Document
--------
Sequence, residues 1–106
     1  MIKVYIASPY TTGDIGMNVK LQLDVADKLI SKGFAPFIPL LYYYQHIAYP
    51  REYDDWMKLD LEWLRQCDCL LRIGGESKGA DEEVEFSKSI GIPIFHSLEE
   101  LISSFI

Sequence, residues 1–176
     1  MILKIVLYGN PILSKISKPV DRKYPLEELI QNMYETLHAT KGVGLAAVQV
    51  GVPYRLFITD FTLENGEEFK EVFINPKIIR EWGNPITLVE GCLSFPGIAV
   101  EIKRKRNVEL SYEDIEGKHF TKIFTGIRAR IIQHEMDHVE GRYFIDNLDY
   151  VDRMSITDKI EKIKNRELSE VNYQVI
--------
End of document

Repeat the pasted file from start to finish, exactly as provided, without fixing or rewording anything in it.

Sequence, residues 1–106
     1  MIKVYIASPY TTGDIGMNVK LQLDVADKLI SKGFAPFIPL LYYYQHIAYP
    51  REYDDWMKLD LEWLRQCDCL LRIGGESKGA DEEVEFSKSI GIPIFHSLEE
   101  LISSFI

Sequence, residues 1–176
     1  MILKIVLYGN PILSKISKPV DRKYPLEELI QNMYETLHAT KGVGLAAVQV
    51  GVPYRLFITD FTLENGEEFK EVFINPKIIR EWGNPITLVE GCLSFPGIAV
   101  EIKRKRNVEL SYEDIEGKHF TKIFTGIRAR IIQHEMDHVE GRYFIDNLDY
   151  VDRMSITDKI EKIKNRELSE VNYQVI